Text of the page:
For Begonia
Sarah Levine


My God is dead. My furious big veined puppy. Quiet as soap. Soap mothers use to soap mothers. Beside river where ant buries sister and children's knees grow thinner than apple stems.

I am a terrible swimmer. All elbows and lungs. But you, forearms swifter than slide trombones, are song. Sweet boned Begonia. Wet yellow braid caught in wind. I know your noise. Belly full of fish.

I feel sorry for my shirts. Mother sewed my name into each one. On the tag. Herman. Herman. Her man. Could I be? Could I sew my name into your pocket? Let my fingers brood and gasp.

I am jealous of the air between your knees. The dropped stitch on your hem. The geese squawk like donkeys and you turn toward them and their bugle throats, mesmerized by the unrehearsed choir of wings.


I will pluck geese from the sky. Knock kneed in fields of mint and pepper. In rain when bones become spoons, a throb song. When the wings are quiet and smell of blown out candles. And you will kneel, feet bare, a wet prayer folding from your lips.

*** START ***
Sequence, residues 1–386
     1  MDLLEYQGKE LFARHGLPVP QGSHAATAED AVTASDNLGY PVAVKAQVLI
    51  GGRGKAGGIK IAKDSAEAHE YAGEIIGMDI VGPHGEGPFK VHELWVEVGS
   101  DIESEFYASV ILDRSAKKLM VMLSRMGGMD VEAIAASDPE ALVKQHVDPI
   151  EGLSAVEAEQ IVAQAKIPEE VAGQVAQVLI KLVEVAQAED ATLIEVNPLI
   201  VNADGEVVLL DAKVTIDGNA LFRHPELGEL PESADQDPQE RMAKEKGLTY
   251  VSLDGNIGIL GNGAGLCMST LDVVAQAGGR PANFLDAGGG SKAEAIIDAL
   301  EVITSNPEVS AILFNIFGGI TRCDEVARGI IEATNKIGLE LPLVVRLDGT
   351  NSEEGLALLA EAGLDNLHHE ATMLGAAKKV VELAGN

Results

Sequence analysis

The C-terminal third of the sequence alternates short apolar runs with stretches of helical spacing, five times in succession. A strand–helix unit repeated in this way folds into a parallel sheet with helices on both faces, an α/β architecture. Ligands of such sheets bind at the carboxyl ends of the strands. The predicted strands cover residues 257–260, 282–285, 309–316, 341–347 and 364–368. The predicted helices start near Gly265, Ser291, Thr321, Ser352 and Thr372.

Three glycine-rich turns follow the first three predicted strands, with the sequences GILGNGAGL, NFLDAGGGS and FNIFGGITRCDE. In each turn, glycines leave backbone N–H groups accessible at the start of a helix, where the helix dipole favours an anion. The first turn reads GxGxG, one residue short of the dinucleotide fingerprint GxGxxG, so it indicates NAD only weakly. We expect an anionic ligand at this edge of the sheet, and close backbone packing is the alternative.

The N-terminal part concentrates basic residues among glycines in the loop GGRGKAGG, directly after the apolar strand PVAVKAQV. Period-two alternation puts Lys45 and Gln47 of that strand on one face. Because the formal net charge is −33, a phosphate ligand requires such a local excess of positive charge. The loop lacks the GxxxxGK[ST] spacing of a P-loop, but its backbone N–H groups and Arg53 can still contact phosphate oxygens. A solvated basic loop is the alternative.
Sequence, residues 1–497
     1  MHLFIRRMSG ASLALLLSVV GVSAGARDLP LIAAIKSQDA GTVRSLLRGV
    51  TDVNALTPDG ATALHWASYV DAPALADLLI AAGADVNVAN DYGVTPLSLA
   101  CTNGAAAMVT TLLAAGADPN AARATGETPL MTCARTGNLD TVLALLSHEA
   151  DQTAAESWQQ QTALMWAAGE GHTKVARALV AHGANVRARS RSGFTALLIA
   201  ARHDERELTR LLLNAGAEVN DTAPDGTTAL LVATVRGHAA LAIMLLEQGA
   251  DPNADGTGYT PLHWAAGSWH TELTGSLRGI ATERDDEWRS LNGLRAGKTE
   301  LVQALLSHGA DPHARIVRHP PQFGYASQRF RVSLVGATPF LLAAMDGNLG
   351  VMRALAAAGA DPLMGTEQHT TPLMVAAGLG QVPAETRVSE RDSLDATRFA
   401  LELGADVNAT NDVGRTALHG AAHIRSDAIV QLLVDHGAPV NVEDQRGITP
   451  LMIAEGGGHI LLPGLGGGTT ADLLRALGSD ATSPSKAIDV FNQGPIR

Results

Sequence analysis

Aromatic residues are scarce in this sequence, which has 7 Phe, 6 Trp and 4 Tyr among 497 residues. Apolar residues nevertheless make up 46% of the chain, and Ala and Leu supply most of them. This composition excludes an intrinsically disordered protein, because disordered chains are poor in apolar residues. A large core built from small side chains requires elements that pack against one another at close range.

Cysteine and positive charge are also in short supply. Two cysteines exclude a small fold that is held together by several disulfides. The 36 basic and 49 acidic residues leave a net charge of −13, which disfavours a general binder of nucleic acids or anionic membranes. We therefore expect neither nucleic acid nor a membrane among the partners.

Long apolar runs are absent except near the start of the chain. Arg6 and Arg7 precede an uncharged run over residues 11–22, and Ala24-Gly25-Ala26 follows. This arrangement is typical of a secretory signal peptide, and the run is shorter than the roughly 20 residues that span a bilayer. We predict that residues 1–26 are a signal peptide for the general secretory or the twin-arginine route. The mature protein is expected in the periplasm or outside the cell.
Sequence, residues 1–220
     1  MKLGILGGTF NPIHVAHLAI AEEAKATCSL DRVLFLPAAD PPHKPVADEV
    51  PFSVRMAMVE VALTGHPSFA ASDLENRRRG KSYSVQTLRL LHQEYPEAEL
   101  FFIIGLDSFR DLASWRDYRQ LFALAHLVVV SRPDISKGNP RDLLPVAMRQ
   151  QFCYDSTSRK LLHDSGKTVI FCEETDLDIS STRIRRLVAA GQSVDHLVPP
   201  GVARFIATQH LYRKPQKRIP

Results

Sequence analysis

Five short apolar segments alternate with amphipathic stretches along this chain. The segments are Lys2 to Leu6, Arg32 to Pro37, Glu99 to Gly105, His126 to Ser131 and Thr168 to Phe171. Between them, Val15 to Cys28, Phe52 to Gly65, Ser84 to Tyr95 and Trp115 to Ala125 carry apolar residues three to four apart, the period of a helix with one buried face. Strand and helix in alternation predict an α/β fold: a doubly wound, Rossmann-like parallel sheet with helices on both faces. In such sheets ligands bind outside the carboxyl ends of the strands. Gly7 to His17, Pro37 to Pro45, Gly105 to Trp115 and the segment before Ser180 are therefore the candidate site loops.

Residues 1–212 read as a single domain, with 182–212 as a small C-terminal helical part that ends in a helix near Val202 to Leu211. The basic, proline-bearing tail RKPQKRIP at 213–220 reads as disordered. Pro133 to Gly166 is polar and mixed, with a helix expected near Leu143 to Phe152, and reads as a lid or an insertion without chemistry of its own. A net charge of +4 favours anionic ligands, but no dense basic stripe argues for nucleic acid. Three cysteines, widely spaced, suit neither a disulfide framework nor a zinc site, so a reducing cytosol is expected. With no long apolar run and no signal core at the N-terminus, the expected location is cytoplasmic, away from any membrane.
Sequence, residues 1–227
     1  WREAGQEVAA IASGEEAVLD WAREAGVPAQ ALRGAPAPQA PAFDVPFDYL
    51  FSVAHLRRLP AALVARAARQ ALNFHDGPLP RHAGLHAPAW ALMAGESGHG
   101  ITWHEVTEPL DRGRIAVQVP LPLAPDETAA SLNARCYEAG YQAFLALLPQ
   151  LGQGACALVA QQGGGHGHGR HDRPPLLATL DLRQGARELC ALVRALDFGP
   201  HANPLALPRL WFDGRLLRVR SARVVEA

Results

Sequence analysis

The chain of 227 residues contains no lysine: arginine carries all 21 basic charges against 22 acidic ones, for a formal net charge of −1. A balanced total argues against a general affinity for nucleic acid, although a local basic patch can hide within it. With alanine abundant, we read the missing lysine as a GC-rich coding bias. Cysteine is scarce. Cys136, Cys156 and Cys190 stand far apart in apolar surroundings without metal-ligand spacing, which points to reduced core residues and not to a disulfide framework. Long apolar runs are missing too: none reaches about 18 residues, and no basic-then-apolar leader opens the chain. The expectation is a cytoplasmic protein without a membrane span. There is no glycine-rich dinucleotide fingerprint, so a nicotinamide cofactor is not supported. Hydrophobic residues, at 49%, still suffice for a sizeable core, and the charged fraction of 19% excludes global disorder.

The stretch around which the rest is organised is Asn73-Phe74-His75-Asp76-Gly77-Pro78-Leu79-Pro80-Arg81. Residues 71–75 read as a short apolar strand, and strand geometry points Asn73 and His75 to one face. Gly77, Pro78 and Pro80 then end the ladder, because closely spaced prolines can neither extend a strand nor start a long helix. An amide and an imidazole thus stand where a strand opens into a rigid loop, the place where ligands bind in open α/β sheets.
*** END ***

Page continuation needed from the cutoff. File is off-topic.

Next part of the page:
What is worth opening a mouth for? My cruel reminder of need. The honeydew, the flame. Enough breath to rustle flags. Let the shoe nearly sit. Let my lips listen into the shell of your ear. Bony roads scattered with elms and white churches.


It is still raining and the geese are still silent and mother here is Begonia. A beginning, a beckoning. Hair in knots, world in mouth. A river cold full of stubborn fish.